Windows users have no doubt long noticed that the start button located on the task bar keeps a log of the usage statistics for each program initiated by clicking the Start Button and then navigating through the Start Menu.
The most used applications are at the top in order of the number of launches. Here is my Taskbar captured by Snag-it from Techsmith.
You can “Pin” items to the top so they are always where you expect them to be. These are the programs that sit above the gray line.
I have done this with Bitstream Font Navigator because I am often in a hurry when I need a font added. Character Map is invaluable for finding special characters like the © that appears at the bottom of my blog posts. Quicken is there for my wife so that she can find it. Interestingly enough, MS puts IE, Outlook and Windows Mail into this self-important position as well. Go figure.
The remaining applications are there by pure usage.
CorelDraw X3 is the big dog. I launch it more than any other program. I run a small design company specializing in CorelDraw so that makes sense. Even though X4 is out, I have been doing my client work through X3. Now that SP1 is out for CorelDraw X4, I will likely see the X4 rise and the X3 eventually fall.
I also do web design so MS Expression Web is near the top. Web sites require a lot of updates. MS Office Accounting is next because I diligently maintain books so I can get paid. The next one surprised me. MS Excel? I have no explanation. I must use it a lot. It is number 4 after all. Number crunching is not something I normally do. Perhaps closer evaluation is needed to determine its prominence. Lightroom is next. It would be higher but every time Adobe releases a new updated, it gives it a new executable file. The old are deleted and that is why Lightroom (1.41) is so low. Normally it would be third or second.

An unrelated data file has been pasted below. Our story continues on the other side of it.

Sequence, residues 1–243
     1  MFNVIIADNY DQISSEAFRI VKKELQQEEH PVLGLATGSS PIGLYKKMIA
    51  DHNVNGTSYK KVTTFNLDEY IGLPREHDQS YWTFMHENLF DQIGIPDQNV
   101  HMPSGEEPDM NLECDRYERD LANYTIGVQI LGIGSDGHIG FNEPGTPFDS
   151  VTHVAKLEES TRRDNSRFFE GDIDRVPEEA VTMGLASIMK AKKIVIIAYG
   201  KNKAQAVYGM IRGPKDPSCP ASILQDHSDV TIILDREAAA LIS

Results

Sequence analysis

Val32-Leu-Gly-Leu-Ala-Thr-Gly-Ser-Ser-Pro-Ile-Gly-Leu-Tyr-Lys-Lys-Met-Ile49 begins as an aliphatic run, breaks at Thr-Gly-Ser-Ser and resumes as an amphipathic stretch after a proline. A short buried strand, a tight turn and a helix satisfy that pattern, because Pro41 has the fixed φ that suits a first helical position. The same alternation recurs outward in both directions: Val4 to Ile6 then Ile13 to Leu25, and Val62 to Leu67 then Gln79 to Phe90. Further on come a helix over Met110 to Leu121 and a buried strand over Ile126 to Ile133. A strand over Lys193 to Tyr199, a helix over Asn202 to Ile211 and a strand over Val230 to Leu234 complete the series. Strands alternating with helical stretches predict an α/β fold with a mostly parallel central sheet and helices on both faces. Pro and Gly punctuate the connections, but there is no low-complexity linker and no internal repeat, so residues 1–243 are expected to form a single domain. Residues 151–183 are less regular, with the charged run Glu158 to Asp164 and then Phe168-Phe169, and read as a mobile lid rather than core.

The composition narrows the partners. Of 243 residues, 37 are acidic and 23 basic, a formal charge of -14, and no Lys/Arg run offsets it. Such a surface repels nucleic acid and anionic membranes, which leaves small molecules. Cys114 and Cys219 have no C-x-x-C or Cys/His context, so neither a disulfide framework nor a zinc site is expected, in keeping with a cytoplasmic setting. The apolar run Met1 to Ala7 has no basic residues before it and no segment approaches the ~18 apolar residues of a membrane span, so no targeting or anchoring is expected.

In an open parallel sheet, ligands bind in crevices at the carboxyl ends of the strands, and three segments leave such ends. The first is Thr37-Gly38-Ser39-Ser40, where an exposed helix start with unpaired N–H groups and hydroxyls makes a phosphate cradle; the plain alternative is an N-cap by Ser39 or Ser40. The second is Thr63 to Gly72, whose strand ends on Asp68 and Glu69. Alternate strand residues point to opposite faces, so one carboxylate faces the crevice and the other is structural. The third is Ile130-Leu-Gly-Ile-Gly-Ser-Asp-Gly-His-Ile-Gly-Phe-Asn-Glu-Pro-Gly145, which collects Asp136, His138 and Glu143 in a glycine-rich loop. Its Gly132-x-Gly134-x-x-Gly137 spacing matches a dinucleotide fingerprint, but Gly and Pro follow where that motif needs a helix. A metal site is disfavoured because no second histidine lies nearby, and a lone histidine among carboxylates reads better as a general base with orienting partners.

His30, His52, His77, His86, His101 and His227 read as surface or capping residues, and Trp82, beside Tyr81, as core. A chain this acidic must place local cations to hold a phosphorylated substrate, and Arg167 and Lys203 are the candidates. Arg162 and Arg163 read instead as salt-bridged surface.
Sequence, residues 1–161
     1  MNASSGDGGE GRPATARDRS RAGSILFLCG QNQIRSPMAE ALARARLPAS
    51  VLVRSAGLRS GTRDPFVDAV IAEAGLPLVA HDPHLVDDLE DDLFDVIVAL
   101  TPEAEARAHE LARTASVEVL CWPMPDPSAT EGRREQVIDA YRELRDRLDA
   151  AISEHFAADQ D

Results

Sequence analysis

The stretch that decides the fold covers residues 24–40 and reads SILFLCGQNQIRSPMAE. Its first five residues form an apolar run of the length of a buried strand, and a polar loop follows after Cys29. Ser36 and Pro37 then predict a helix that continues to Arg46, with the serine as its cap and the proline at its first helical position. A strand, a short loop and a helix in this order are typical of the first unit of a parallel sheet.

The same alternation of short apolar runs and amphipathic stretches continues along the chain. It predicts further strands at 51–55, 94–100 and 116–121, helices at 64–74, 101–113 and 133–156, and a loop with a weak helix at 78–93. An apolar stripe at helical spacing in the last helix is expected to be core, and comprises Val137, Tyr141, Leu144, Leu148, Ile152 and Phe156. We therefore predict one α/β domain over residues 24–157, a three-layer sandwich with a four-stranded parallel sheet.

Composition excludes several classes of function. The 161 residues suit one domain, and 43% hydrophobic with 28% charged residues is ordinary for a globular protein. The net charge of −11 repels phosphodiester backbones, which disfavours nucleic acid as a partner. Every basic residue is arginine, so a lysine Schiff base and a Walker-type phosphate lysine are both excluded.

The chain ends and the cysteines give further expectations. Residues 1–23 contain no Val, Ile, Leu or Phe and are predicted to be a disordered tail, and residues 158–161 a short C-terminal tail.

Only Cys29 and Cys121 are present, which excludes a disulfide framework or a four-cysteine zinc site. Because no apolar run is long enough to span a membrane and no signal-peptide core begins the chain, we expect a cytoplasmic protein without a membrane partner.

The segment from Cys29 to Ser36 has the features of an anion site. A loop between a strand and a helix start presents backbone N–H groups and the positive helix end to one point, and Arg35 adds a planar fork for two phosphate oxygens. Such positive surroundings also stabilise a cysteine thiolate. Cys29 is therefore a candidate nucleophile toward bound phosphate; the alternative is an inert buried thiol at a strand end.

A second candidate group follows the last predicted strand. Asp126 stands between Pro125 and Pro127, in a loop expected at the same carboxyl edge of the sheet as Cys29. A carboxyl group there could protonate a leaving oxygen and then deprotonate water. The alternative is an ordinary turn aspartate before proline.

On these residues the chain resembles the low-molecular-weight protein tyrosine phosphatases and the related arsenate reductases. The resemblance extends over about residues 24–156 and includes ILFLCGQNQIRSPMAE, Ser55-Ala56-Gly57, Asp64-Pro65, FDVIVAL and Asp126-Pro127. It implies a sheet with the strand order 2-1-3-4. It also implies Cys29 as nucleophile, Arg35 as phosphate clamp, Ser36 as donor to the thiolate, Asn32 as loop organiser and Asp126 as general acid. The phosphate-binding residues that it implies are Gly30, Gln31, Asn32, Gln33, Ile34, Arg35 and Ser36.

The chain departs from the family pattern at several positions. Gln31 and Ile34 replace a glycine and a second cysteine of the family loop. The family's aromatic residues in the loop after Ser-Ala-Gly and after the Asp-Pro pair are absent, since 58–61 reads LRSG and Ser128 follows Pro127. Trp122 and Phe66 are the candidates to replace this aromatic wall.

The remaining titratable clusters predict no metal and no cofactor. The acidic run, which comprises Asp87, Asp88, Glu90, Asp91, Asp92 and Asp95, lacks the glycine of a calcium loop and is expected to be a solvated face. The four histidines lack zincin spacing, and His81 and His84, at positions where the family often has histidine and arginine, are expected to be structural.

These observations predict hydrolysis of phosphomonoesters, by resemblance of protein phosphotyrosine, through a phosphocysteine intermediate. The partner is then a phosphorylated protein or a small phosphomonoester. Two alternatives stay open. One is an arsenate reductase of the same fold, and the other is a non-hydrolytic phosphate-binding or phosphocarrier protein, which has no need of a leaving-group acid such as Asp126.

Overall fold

The bottom five tends to fluctuate more than the top five. Windows Live Writer (on which I am typing this post) is popular with me because I blog so fricking much. Notice that positions 6 and 8 are occupied by the same program in two different versions. Corel PhotoPaint is my workhorse editor but I am starting to use the new version more than the old. When it falls off and I am satisfied that SP1 has shored up the application, I will likely eliminate X3.
Firefox is in position seven because I cross test web sites on various browsers. SyncToy sits firmly in number nine position because I am a backup fanatic as some of you readers know. Sitting in number 10, just off the graphic is Snag-it which I used to grab the image for this post.
Photoshop didn’t make the top 10. It is languishing in number 17. PSP X2 is sitting at number 18. Combine all four image editors and they are probably number 1. MS Word is sitting at number 13. Now that I blog in Live Writer, Word is sitting lonely and seldom used.
Video applications are lower than I expected as well. Camtasia IV and Studio are in the top twenty but lower than I thought they would be.
Where is PowerPoint? Oh yes, it is on a desktop shortcut. Maybe we better talk about that next.
If you launch via a desktop shortcut or a quick launch toolbar instead of the start menu, your statistics do not appear to affect this order. I use Windows Media Player every day but it never appears on this list because I launch it from the quick launch bar. Likewise with Outlook (I guess that is why MS pins it to the start menu) and IE (my browser of choice today) and other sundry items either placed by me or for me by installation routines.
I think our start menus tell us much about our software usage habits. I can tell where the bulk of my work lies quickly by looking at the order of the icons. I can also tell when a version is replacing its older counterpart by watching one slide up the line as the other descends. By right clicking from time to time and expanding the icon list to a ludicrously large number I can see how many programs are hitting occasionally. Google Earth comes in at number 17. I could have sworn I played with that more often.
What does your start menu say about you?
Rikk Flohr © 2008